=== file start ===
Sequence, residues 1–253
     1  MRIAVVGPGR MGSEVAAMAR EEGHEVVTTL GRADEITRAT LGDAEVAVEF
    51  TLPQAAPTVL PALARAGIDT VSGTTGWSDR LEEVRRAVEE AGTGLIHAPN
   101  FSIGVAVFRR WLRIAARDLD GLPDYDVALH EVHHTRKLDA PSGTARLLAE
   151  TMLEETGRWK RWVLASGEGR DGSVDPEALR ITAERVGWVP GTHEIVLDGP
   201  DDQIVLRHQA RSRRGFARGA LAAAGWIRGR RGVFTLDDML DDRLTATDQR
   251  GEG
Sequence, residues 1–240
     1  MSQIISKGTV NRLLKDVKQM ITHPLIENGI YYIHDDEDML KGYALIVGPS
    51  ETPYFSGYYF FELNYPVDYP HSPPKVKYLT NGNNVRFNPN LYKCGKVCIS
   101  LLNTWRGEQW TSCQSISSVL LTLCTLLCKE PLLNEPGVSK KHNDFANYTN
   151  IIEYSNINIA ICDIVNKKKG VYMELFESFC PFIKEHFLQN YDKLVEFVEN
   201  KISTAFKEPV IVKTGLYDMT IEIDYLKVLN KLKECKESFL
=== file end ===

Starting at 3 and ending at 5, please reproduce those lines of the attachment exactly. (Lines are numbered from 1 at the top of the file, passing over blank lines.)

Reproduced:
    51  TLPQAAPTVL PALARAGIDT VSGTTGWSDR LEEVRRAVEE AGTGLIHAPN
   101  FSIGVAVFRR WLRIAARDLD GLPDYDVALH EVHHTRKLDA PSGTARLLAE
   151  TMLEETGRWK RWVLASGEGR DGSVDPEALR ITAERVGWVP GTHEIVLDGP